Effectively and Efficiently Delivering Essential Services

Go To Search
Click to Home

Wetlands - Water Storage
Water Storage
This function reflects the capacity of a wetland to collect and retain inflowing surface water, direct precipitation, and discharging groundwater as standing water above the soil surface, pore water in the saturated zone, or soil moisture in the unsaturated zone. A potential independent quantitative measure of this function would be the amount of water stored in the wetland per a given time (e.g., hectare-meters/year).

This function is critical to the maintenance of the wetland and is often considered as the main forcing function for all other wetland processes. Water storage in wetlands is important for three reasons.
  • Water that is delayed or stored in the wetland reduces the amount of runoff down slope, thereby ensuring a decrease in flood crests down gradient.
  • It guarantees that sufficient moisture is available to allow the development and maintenance of hydric soils and appropriate hydrophytic plant communities The presence of these plant communities ensures that wildlife habitat is available for a variety of species, both resident and migratory
  • Water storage supports the biogeochemical processes that occur in wetlands, such as the removal of nutrients and particulates. This process results in improved water quality.

Analysis of Water Storage

Water that is delayed or stored in the wetland reduces the amount of runoff down slope, thereby ensuring a decrease in flood crests down gradient. Wetlands facilitate detention of runoff because many lack well-defined surface water outlets and, between basins, subsurface flows in glacial till are slow. When runoff is detained in a regionally dispersed manner by wetland basins, pulses of water that eventually enter downstream areas in most cases are staggered (desynchronized). This broadens the storm hydrograph and reduces streamflow peaks.

Characteristics and Processes that Influence Water Storage
The characteristics and processes that influence the capacity of a wetland to store water over an extended period are related natural factors, such as climate, geomorphic characteristics, soils, and vegetation.

Human factors play a significant role on many landscapes. Ditching or the placement of tile drainage, and modifications of the surrounding landscape can alter the timing and amount of water reaching the wetland. Changes in peak flows attributable to a wetland varies according to the interaction among outlet capacity, storage available within the site, and the amount of water coming into a wetland.

The characteristics associated with the performance of this function focus on land use, as it influences the volume and timing of water entering the wetland, the volume of the wetland available for storage, the condition of the soils and plants (evapotranspiration, seepage, and soil storage), and activities that reduce retention time (e.g., artificial drainage). Activities above or within the wetland affect the rate and quantity of surface and subsurface water entering and leaving the wetland. Land use activities also affect erosion up slope and sediment import into the wetlands. An increased sediment load will decrease the wetland’s capacity to store water, sometimes nearly eliminating storage capacity. Finally, the elevation and capacity of any constructed outlet below the storage boundary directly affects the height of the water level and, therefore, the ability of the depression to capture and retain water.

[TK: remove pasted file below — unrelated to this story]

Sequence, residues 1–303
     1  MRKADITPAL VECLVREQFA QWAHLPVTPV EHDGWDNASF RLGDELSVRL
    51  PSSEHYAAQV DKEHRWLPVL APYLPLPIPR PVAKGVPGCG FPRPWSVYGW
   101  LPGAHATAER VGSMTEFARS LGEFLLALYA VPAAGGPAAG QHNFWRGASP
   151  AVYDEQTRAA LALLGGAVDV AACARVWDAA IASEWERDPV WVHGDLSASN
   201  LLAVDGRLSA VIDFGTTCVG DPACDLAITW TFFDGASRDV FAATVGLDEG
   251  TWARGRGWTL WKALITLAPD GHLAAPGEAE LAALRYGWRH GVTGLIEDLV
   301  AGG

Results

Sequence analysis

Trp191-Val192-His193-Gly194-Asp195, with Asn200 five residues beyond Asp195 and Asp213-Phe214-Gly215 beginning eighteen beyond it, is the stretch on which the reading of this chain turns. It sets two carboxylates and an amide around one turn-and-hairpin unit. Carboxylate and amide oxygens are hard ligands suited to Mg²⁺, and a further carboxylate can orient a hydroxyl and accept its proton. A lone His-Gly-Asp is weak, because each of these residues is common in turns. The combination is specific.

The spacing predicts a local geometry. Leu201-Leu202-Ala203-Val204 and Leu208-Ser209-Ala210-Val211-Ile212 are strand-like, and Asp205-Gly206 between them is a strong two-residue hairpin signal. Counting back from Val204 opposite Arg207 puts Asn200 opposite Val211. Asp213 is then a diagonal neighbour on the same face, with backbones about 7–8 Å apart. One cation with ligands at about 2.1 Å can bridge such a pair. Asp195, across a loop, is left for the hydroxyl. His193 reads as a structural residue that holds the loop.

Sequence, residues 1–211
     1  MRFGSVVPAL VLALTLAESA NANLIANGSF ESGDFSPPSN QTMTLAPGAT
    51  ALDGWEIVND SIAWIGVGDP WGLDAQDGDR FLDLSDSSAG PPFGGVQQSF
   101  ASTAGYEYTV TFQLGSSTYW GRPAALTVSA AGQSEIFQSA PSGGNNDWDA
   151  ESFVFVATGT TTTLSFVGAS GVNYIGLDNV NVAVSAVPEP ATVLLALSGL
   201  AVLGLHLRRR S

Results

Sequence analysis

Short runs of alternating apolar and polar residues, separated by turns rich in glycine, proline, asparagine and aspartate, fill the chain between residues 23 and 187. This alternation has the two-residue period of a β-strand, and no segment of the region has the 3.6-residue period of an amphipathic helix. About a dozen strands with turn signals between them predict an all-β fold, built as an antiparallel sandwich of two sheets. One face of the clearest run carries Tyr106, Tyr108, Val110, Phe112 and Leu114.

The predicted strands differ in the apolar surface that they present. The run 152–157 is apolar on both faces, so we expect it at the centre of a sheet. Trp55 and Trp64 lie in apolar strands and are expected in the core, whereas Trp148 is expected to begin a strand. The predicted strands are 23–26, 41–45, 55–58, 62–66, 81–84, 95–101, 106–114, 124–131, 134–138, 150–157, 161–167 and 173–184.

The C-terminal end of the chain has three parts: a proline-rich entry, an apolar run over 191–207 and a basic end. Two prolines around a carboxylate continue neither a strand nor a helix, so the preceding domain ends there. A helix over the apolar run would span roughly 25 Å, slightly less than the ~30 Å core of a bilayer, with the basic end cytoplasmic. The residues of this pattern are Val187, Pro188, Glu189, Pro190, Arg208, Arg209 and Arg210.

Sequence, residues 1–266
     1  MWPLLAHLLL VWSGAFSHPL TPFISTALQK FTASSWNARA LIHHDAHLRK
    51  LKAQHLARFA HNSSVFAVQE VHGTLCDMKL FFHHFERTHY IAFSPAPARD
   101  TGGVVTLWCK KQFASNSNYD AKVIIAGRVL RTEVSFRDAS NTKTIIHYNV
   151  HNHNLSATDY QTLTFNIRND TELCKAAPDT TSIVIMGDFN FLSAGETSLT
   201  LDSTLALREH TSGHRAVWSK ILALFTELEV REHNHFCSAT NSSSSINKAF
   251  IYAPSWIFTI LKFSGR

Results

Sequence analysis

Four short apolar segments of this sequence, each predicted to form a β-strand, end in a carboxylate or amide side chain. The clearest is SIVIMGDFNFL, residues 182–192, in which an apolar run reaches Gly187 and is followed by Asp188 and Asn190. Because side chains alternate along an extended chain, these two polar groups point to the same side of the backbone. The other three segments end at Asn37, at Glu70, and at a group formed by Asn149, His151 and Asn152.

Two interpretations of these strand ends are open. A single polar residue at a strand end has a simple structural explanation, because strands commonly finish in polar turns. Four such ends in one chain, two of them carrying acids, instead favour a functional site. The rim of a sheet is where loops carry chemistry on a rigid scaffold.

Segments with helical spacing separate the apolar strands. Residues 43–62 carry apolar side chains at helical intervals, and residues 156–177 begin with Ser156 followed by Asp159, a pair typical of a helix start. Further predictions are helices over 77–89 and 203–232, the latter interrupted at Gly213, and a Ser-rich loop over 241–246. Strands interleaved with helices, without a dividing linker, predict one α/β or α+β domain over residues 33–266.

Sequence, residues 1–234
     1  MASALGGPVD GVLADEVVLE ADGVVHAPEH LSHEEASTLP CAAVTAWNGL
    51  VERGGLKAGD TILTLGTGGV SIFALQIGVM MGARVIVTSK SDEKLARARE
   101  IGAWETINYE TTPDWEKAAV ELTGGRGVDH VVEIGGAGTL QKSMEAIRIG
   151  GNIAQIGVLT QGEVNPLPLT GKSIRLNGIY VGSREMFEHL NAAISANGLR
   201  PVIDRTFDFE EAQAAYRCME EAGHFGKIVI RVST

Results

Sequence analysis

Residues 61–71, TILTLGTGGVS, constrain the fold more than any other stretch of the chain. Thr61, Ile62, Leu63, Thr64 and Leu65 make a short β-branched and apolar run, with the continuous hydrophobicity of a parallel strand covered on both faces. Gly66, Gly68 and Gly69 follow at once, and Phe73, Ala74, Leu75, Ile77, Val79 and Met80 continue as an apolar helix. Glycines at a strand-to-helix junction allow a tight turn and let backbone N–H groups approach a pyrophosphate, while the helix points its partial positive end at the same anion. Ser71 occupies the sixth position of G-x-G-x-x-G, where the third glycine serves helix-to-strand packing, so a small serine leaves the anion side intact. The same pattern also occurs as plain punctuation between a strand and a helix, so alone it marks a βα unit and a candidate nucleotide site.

Although accumulation and retention of sediments and particulates are recognized functions of wetlands resulting in improved water quality, it has a negative effect on wetland hydrology. Many wetlands are closed basins; thus, sediment inputs are derived primarily from wind and water erosion of upland soils within the catchment. Upland land use affects the movement of water, sediment, and pollutants into the wetland. Generally, the higher the percentage of catchment under perennial cover, the better the condition of the wetland. Properly managed perennial cover helps to slow the movement of water down slope, which aids in the filtering of sediments and entrapment of pollutants.

The chief negative impact to wetlands of accelerated sedimentation is loss of volume from filling. Precipitation that was once lost through evapotranspiration or infiltration to groundwater before entering wetlands with grassland catchments enters via spates of surface runoff from tilled catchments. The accelerated runoff often brings erosional sediments from the surrounding landscape, contributing to filling the basin with soil.  In addition to the alteration of hydrologic inputs, the loss of basin volume from siltation reduces the water storage capacity and flood attenuation benefits of wetlands.

The variables having the greatest impact on the ability of a wetland to perform this function are anthropogenic drainage features (surface outlets or tile drains). Alterations that remove water from the wetland year round have a major effect on hydrology. Simply stated, if the wetland has been so hydrologically modified that it is completely drained, then the wetland no longer has the capacity to retain stormwater runoff.

Source: A Regional Guidebook for Applying the Hydrogeomorphic Approach to Assessing Wetland Functions of Prairie Potholes (HGM), Army Corps of Engineers